How to prepare a struggling business for sale

It is difficult to sell a struggling business at a good price. However, it does not mean that an unhealthy business is unsellable. There are several initiatives you can implement to make your unhealthy company more saleable and healthy, which we will discuss in this article.

A healthy business is easier to sell, because it is more attractive to potential buyers. A healthy business has a strong financial foundation, a clear and well-defined strategy, a positive and productive culture, and a solid reputation in the industry. These factors increase the likelihood that the business will be sold at a good price and that the transition of ownership will be smooth. 

As a business owner, it's important to focus on improving the health of your business well in advance of a potential sale to increase the chances of a successful outcome. This includes having the resources, systems, and processes in place to support a smooth transition, a loyal customer base, and a strong reputation in the community.

Some of these elements are more in your control than others. Having defined and streamlined processes in place is well within your control, but having a loyal customer base is a bit more difficult to control.

Exit planning for struggling businesses

Exit planning is a process that allows business owners to plan for their personal and professional success while and after they leave their company. This includes preparing for all potential outcomes, such as tax, financial, and legal analyses, while also taking into account the needs of both parties involved (seller and buyer).

Even if you have a loss-generating or stagnated business, you will always be able to increase the value and likelihood of selling it by having an exit plan. An important aspect of a good exit plan for a struggling business is to focus on value-optimizing or risk-reducing activities that are in your control e.g. stronger processes. 

Getting help from an exit coach to define an exit plan that matches the state of the company and your personal exit goals, can help to minimize or defer tax liability, reduce risk, maximize the value of company assets, increase potential sales revenues, and ensure a seamless transfer of power to buyers.

On the other hand, an inadequate or nonexistent exit plan can diminish a business's prospects, not just during but also after an exit. This could mean increased risk for both you as the existing owner and the company in general, with no guarantee of success whatsoever.

It is like the famous Benjamin Franklin quote:

"By failing to prepare, you are preparing to fail"

It is important for you as a small and medium-sized business owner to consider exit planning, as it can help you to achieve your goals and prepare for potential challenges. 

Any good exit plan will always start by conducting a business health check to evaluate the current state of the business, including its employees, finances, marketing and sales, structure and process, vision for the company, and competition in the industry.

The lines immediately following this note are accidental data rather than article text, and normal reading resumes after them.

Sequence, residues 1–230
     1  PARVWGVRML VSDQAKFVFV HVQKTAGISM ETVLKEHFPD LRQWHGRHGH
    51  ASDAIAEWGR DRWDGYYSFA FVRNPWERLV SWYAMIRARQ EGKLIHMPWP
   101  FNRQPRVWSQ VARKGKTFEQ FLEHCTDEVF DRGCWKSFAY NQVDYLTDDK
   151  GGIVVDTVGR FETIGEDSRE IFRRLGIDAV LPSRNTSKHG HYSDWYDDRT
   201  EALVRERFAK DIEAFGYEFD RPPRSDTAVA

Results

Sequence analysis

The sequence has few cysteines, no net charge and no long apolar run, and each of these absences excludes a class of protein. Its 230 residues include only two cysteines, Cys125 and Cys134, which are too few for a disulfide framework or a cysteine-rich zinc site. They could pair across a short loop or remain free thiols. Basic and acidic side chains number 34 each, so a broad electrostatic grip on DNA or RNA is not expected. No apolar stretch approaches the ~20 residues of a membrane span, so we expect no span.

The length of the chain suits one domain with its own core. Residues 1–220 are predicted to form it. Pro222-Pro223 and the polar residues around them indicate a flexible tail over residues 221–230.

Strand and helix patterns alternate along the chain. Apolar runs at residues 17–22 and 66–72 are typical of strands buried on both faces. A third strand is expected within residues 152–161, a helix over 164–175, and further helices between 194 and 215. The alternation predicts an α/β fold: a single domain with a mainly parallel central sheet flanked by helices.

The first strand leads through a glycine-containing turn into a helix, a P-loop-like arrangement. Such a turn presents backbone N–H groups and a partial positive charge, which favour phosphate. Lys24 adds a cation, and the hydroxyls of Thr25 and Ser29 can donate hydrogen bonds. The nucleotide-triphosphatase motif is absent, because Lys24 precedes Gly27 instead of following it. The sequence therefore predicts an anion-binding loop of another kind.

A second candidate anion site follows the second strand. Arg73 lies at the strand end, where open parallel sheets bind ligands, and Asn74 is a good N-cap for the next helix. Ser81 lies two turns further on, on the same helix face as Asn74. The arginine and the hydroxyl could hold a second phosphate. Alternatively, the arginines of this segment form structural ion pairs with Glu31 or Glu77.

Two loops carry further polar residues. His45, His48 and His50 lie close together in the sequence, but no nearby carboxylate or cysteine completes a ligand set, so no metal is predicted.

Business health plays a crucial role in exit planning. A healthy business is more likely to be sold at a higher price, and in a shorter timeframe, than a struggling business. 

The business health check is a vital input in the overall saleability analysis of the company. It is also recommended to conduct a professional business valuation to understand how the health of the business affects the value of the business and to create tasks in the exit plan that will lead to the necessary changes to improve the value.

It is important to begin exit planning on any business two to five years before the desired exit date. This is important whether the business is healthy or not. 

Having a conversation with an exit coach can help you set the optimal time frame for your exit. There are many ways to exit your company (management buy-out, selling to a 3rd party, utilizing seller financing, etc.), and it is vital that you choose a strategy that has a high likelihood of succeeding within your desired time frame and also will be able to satisfy your financial needs for the future (e.g. your retirement or funding your next venture).

7 actions point that you should consider doing

Below is a best-practice action list for small and medium-sized business owners that own a struggling company:

  1. Begin exit planning two to five years before the desired exit date.
  2. Conduct a business health check facilitated by an exit coach to evaluate the current state of the business.
  3. Get a business broker or exit coach from Exitplanner to conduct a professional business valuation that is aligned with the health of the business.
  4. Consult with an exit coach to help you decide on an exit strategy that fulfills your financial needs and has a high likelihood of succeeding.
  5. Make an exit plan that primarily focuses on the low-hanging fruits and activities that are closer to your control sphere e.g. internal processes.
  6. Create and execute a structured exit plan with the assistance of a professional exit coach. Make any necessary changes to improve the overall health of the business.
  7. Ensure a seamless transfer of power to buyers by having a good transition plan.
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